Making the most of your fundraising message

Photo of volunteers

In recent years, charities have come under increased scrutiny relating to their fundraising methods, the salaries of CEOs and the behaviour of charity workers (as in the case of Oxfam). Indeed, some sections of the media have been quite hostile; and so it is important that charities do whatever they can to maintain their focus and good reputation. Getting your fundraising message right is part of this process.

Your overall approach to fundraising

To write this article, I’ve used a number of key points taken from the excellent NCVO publication Telling A Better Story About Charities. NCVO offer some key insights, based on their research into public attitudes towards charities; and what is needed to restore confidence:

  • Acknowledge concerns about charities e.g. pay of CEO.
  • Be transparent in a proactive, accessible way.
  • Give examples of behavioural change (e.g. how you make sure vulnerable groups are not hounded for donations).
  • Demonstrate collective impact.
  • Don’t just rely on facts and figures to make your case.
  • Use simple, personable language, not ‘management speak’.

Your choice of images

Hard-hitting images can raise awareness and evoke concern, but they should be balanced with images showing the positive impact that donations are having. In other words, don’t just show the problem, show the solution too. Also, distressing images that could be seen by children are likely to raise concerns with some audiences.

The narrative

This is the story you want to tell, about what you are doing or about a particular issue. An agreed narrative provides clarity and consistency across all external communications. Your aims should be to raise awareness, invoke concern, and encourage engagement, hopefully then leading to action from your audience (e.g. giving a donation).


If you want people to act, then acknowledge how vital they are to your work. Show that your audience matters (e.g. “Because of you…”).  Put messages in terms that speak directly to your audience. Be interesting, be inclusive, and address their concerns (e.g. how they can make a difference) rather than making the message about your particular organisation.

Also, repetitive calls for donations can be off-putting. Giving to charity is not the only way that people can help; and NCVO found that it is important to reference the variety of other ways that people can lend their support.

Message types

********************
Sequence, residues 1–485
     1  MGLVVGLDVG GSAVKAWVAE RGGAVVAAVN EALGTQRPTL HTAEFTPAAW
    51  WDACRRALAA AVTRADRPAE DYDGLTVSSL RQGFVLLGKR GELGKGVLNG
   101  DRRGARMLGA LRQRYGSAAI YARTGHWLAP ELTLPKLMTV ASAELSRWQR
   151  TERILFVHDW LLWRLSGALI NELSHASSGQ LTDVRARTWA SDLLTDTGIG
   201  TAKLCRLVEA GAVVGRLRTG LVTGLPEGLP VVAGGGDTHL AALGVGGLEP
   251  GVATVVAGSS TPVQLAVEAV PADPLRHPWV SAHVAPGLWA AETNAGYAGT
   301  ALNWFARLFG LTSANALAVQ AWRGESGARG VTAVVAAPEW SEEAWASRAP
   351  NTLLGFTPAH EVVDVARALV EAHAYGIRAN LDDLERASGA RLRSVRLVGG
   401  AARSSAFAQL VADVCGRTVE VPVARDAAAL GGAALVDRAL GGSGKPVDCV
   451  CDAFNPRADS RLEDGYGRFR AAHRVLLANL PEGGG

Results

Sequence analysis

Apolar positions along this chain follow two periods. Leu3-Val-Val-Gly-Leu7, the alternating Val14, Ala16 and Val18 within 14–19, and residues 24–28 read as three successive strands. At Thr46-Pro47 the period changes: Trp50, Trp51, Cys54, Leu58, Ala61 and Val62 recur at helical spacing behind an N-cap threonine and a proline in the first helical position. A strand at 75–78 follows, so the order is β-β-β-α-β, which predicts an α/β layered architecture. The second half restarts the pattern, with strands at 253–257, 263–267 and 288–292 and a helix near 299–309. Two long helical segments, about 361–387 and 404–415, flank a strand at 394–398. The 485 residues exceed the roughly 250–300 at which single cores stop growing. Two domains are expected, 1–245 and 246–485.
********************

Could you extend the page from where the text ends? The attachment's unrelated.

The messages you choose in order to bring the narrative to life is likely to vary. Consider the following:

  • Personal stories (beneficiaries, fundraisers, donors).
  • How public support is helping.
  • Good news related to your sector.
  • Talking about and demonstrating the impact of your work.
  • Tips and guides (e.g. a skin cancer charity might want to provide information about staying safe in the sun).
  • Quotes from beneficiaries.

As mentioned above, you need to resonate with your audience. So look to build trust. Be consistent and empathetic; and use every-day language that people will understand.

Fewer words, better sense

You can convey an awful lot of your message with carefully selected images (photos, videos infographics). So avoid lengthy messages. Keep it short and simple; and avoid cluttering posters, social media posts or web pages. Also, avoid over-using statistics. Facts and figures are important, but too many at once can put people off.

Be engaging

Your campaign, whether online or not, needs interested people in order to succeed. So involve your audience. Raise questions, respond to comments, encourage involvement. Also, seek out ideas, information and creativity. Finally, ask your volunteers to help with fundraising activities and challenges (e.g. to enter a sponsored run), and online to share your social media posts and blog articles.


Finally, demonstrate integrity. Good governance and regulatory compliance are essential, but charities also need public trust. This only comes through transparency and good communication. The fundraising message is a key part of this process.

(Photo by rawpixel on Unsplash)

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